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Former Pike building to transform into food hall

One of the most frequent questions in any relationship is “where do you want to eat tonight?”

Husband and wife business owners Judy Morley and Steve Burton aim to cut the tension by transforming the former Pike building on Baltimore Pike, Cumberland Township, into a food hall.

The couple became official owners of the property on Wednesday and will now focus on implementing plans they have been crafting for months. If the global supply chain crisis does not slow them down, an April 2023 opening is planned.

SavorHood Gettysburg will include several fast casual food vendors, including Mr. G’s ice cream, Tilford’s Wood Fired Pizza, Liquid Art Brewing Company (formerly Roy Pitz), Tex’s BBQ, CJ’s Seafood, and Bender’s Potatoes. Burton and Morley are still searching for taco, gourmet grilled cheese and chicken vendors and are in discussions with a dessert vendor.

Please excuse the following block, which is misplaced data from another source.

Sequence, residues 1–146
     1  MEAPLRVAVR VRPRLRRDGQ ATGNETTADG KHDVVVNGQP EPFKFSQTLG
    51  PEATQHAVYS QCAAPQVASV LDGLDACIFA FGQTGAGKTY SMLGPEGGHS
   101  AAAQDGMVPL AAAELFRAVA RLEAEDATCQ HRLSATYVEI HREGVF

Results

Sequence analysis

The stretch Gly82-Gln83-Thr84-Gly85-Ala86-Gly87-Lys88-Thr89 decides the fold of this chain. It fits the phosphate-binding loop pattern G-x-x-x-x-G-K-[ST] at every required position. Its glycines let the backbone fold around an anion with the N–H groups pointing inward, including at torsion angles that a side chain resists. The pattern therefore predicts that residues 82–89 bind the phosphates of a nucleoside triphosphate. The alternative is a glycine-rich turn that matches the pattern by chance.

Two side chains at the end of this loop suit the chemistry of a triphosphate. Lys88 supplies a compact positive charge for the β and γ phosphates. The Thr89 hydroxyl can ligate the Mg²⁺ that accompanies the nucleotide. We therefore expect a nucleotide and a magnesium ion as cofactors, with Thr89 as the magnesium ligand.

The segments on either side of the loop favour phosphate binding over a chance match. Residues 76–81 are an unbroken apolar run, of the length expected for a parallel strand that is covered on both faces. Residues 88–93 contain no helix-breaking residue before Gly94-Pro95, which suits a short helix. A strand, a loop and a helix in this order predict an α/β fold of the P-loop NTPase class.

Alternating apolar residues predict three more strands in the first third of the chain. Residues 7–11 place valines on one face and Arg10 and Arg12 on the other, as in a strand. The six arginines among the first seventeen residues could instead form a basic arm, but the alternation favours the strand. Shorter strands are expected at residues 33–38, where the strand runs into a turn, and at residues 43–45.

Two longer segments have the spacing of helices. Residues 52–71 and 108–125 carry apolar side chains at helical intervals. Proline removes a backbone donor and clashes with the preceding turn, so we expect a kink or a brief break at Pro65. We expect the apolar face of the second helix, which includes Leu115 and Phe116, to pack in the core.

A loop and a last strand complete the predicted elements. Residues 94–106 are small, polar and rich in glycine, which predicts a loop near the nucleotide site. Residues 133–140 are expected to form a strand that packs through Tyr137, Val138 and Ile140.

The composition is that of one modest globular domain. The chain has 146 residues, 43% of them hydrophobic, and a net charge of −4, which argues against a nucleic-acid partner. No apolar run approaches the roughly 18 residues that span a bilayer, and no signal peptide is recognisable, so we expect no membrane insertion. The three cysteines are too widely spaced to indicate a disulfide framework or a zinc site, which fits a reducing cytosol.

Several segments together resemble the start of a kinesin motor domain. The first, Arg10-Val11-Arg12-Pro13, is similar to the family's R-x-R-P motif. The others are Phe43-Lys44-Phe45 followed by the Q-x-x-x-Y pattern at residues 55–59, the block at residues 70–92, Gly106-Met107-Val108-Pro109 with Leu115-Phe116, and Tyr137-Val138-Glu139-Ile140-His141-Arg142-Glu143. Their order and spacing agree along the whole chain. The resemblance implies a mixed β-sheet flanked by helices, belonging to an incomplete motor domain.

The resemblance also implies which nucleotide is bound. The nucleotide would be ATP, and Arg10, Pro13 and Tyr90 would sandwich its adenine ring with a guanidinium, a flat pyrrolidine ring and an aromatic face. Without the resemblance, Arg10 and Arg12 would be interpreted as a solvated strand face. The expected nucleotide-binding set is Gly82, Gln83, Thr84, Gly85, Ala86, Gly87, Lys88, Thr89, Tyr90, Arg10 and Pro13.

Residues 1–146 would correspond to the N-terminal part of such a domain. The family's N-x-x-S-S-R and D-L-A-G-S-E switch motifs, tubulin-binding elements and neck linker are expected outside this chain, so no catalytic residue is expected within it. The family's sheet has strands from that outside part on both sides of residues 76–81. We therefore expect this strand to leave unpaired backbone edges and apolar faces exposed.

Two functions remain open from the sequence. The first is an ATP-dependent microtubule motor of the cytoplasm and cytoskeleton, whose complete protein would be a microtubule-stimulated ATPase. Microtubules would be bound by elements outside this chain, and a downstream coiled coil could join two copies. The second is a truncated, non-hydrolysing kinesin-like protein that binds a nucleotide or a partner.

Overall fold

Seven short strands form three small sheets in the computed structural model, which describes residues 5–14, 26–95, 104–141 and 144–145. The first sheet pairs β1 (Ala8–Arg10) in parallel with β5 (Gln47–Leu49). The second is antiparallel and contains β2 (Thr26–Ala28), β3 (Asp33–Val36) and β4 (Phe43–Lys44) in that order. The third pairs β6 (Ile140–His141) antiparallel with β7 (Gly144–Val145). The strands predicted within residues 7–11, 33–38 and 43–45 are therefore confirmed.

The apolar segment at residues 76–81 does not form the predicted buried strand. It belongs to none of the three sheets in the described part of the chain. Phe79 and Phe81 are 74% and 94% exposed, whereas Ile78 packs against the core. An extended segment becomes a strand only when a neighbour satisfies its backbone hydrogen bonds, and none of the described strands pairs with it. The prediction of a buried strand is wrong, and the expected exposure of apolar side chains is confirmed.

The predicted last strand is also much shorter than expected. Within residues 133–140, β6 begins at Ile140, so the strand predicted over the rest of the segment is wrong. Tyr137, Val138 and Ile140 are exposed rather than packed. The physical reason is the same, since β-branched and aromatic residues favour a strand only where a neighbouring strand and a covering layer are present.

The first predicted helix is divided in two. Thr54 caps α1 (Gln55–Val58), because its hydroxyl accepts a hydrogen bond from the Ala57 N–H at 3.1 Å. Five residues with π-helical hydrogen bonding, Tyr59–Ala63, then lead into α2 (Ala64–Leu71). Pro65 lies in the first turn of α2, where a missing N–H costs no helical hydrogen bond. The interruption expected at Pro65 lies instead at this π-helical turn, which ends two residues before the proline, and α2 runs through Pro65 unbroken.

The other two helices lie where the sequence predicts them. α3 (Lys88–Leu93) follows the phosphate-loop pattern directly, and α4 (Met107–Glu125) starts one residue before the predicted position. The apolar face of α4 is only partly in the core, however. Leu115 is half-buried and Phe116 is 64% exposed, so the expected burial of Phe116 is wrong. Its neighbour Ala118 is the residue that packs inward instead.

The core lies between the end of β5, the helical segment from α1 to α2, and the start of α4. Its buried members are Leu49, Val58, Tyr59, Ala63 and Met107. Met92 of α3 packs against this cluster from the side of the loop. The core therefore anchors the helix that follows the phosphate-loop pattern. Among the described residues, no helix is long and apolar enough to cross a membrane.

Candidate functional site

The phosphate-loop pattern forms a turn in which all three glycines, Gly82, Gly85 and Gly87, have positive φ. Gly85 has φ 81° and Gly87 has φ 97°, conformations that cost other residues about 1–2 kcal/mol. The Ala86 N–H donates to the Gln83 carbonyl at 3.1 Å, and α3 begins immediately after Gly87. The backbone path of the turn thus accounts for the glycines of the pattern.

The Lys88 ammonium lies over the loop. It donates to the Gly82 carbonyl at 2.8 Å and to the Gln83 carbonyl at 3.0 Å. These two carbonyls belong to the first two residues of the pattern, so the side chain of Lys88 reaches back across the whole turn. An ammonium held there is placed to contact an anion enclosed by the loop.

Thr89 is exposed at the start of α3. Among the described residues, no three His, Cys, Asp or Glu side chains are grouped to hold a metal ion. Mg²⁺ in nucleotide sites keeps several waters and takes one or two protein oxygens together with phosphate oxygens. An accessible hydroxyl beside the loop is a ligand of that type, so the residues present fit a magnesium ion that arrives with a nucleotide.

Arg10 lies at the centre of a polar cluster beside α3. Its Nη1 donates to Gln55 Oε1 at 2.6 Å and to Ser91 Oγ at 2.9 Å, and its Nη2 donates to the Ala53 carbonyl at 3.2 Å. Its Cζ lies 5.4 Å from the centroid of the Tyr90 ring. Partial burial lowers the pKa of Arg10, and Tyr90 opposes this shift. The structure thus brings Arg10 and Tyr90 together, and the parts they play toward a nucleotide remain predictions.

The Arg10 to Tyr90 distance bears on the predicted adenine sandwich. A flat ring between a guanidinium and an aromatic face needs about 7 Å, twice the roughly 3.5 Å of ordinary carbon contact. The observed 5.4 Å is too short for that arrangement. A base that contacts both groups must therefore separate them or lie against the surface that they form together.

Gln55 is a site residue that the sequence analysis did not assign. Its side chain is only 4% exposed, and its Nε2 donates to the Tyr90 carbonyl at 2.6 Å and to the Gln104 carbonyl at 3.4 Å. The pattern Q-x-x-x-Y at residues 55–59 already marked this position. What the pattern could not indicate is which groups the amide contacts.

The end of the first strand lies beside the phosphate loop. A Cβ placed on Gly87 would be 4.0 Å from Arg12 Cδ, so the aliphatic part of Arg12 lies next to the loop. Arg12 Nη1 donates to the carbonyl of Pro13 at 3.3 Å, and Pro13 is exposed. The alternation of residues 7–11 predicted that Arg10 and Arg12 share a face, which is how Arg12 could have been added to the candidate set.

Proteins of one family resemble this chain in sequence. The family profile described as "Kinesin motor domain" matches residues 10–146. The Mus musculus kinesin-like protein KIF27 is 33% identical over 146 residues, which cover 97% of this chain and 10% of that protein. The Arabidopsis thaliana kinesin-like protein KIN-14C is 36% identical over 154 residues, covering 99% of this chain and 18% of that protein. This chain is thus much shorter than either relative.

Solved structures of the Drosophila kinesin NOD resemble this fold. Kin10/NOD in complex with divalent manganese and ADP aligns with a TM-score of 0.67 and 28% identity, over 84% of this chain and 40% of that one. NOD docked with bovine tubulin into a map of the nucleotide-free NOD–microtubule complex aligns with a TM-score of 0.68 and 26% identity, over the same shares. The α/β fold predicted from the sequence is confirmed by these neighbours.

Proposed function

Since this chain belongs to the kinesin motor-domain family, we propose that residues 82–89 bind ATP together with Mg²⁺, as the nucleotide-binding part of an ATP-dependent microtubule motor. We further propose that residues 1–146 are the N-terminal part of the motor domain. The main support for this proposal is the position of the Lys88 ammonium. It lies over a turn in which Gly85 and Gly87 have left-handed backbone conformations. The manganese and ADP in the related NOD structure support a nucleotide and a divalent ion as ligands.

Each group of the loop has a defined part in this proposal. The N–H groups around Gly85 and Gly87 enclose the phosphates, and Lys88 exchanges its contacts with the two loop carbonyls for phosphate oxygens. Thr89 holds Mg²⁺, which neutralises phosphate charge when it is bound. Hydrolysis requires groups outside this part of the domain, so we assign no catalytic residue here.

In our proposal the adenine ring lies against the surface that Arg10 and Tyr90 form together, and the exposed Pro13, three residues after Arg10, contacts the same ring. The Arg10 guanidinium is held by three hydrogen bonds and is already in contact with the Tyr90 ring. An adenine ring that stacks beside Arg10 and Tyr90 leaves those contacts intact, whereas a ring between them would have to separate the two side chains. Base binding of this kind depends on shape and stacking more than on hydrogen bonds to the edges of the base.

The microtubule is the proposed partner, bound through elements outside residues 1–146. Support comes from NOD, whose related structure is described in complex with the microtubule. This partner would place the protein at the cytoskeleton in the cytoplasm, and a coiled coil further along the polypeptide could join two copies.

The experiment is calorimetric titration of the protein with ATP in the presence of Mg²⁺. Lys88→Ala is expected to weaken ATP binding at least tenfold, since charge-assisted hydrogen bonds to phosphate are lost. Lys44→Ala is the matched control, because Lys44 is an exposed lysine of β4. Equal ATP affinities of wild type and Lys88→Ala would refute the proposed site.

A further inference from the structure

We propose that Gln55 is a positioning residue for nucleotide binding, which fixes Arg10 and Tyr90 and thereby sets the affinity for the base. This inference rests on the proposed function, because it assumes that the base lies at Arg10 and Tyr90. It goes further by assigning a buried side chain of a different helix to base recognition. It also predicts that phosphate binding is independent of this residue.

“What restaurateurs are finding is one thing is their niche,” Burton said. “They do one thing and they do it well.”

SavorHood customers will order food at their vendor of choice, take a seat and receive a text message when their order is ready. Burton said all orders will take about ten minutes so groups ordering from different vendors can eat together.

“The idea for the look and the food is to be community-based,” Morley said. “We shy away from the words ‘food court’ because when you think of food court you think of national chains. All of the concepts need to be chef-driven, really good food with fresh ingredients.”